The results of this research were presented at the ESC Congress 2021
NEW DELHI — According to a new study, there is a dose-response link between the concentration of common pollutants and the risk of out-of-hospital cardiac arrest.
The research findings were presented at the ESC Congress 2021.
Dr Francesca R. Gentile of the IRCCS Policlinico San Matteo Foundation in Pavia, Italy, said they evaluated seven major pollutants and discovered that when the concentration of each grew, the chance of cardiac arrest increased.
The findings suggest that air quality should be factored into predictive models to help health systems plan service needs, as per Dr Gentile.
Study examined links exposure to air pollutants and cardiac arrest
Although air pollution has been identified as a possible cause of out-of-hospital cardiac arrest, the link between specific air pollutants and out-of-hospital cardiac arrest is still debated due to the numerous pathways involved.
This study looked at the links between short-term exposure to particulate and gaseous pollution and the risk of cardiac arrest outside of the hospital.
The research was carried out in the southern Lombardy provinces of Pavia, Lodi, Cremona, and Mantua, which cover 7,863 km2 and have a population of over 1.5 million people.
The regional cardiac arrest registry Lombardia CARe provided data on the daily incidence of cardiac arrest in 2019.
The regional agency for environmental protection (ARPA) provided data on daily concentrations of particulate matter (PM10, PM2.5), nitrogen dioxide, carbon monoxide, benzene, sulphur dioxide, and ozone over the research territory.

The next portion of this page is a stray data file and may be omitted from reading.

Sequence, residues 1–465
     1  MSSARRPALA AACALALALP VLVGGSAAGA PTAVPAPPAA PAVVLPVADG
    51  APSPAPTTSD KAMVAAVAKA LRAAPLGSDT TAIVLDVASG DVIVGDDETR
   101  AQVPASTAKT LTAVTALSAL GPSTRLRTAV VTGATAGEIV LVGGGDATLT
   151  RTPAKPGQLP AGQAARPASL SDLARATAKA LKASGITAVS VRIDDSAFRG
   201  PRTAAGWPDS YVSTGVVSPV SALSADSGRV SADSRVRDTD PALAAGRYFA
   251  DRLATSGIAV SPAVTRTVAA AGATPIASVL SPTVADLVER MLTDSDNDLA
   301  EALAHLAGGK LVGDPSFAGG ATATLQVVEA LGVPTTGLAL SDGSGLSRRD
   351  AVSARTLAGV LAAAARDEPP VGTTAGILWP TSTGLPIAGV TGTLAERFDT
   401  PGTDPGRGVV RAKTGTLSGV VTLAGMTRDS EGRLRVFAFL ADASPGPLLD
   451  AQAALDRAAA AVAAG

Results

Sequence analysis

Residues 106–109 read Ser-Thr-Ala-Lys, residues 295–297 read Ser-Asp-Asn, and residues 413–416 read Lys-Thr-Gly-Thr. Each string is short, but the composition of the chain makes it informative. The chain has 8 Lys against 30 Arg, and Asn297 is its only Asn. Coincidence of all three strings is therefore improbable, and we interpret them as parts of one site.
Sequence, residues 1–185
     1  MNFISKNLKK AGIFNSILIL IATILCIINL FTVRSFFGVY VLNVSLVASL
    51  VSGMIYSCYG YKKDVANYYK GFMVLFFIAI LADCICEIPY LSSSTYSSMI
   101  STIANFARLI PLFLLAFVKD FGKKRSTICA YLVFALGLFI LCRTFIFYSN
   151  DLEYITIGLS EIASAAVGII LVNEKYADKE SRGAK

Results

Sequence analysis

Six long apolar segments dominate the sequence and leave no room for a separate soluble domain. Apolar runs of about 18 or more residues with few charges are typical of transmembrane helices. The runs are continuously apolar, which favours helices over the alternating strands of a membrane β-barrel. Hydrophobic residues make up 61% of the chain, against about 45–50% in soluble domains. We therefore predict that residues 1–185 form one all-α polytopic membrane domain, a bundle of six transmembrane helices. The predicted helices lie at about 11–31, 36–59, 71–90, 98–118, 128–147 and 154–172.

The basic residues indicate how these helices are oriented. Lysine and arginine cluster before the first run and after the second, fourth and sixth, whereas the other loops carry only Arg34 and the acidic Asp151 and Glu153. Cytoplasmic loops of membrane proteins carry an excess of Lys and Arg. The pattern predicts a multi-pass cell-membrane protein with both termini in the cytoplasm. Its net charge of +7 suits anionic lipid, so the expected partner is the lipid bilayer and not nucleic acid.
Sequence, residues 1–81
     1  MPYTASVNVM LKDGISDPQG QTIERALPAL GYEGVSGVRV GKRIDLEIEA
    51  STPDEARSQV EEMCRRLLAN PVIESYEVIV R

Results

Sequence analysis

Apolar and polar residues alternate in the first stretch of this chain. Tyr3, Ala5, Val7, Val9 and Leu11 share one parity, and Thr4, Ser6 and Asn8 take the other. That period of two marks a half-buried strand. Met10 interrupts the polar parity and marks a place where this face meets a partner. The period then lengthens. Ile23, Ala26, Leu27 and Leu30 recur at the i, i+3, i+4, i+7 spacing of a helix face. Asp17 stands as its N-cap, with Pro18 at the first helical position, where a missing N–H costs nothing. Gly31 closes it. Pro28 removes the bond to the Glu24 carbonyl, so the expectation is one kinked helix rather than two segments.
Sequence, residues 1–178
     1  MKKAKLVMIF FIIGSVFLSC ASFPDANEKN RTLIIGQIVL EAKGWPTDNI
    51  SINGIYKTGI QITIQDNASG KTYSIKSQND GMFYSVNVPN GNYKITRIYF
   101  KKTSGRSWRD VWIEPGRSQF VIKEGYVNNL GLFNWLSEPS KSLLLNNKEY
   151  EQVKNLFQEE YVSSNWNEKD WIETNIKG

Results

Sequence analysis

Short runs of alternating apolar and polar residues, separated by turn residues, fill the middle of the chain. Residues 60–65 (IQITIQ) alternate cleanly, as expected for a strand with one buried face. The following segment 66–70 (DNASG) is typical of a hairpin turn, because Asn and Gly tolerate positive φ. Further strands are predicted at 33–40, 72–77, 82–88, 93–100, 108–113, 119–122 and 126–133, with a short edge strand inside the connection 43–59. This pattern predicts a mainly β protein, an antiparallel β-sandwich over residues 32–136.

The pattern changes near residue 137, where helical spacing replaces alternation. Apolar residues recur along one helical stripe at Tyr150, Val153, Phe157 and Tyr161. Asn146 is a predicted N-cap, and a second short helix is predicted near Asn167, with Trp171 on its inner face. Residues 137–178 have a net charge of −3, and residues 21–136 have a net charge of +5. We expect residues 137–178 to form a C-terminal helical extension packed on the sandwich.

The ‘median’ and ‘mean’ pattern of the study
The authors computed the 2019 median daily incidence of cardiac arrest, then categorized each day as having a higher or lower incidence than the median.
The authors calculated the mean daily concentration of contaminants using data from monitoring stations located throughout the research area.
In the study region, 1,582 out-of-hospital cardiac arrests occurred in 2019, with a daily incidence of 0.3 occurrences per 100,000 residents.
On days when the incidence of cardiac arrest was above the median, the concentrations of PM10, PM2.5, nitrogen dioxide, carbon monoxide, benzene, and sulphur dioxide were considerably greater than on days when the incidence was below the median.
Ozone revealed a countertrend in the initial analysis, with much greater concentrations in the low-incidence period.
The researchers next looked at the link between each pollutant’s concentration (or dose) and the likelihood of experiencing a cardiac arrest over the median value.
After accounting for the average daily temperature, a dose-response connection was found for all of the pollutants studied, including ozone, where higher concentrations were linked to a higher risk of cardiac arrest.
Temperature was found to have an inverse association, with the risk of cardiac arrest increasing as the temperature dropped.
Researcher says correlations could help predict future occurrences
The identified correlations between individual pollutant concentrations and the chance of cardiac arrest could be utilized to predict the occurrence of this life-threatening condition in certain geographical locations in the future, Dr Gentile stated.
He added that they expect that including air pollution monitoring into ambulance forecasting models and warning systems will improve health-care efficiency.
Dirty air, as per him, should be regarded a modifiable factor that leads to cardiovascular illness, in addition to being a threat to the ecosystem.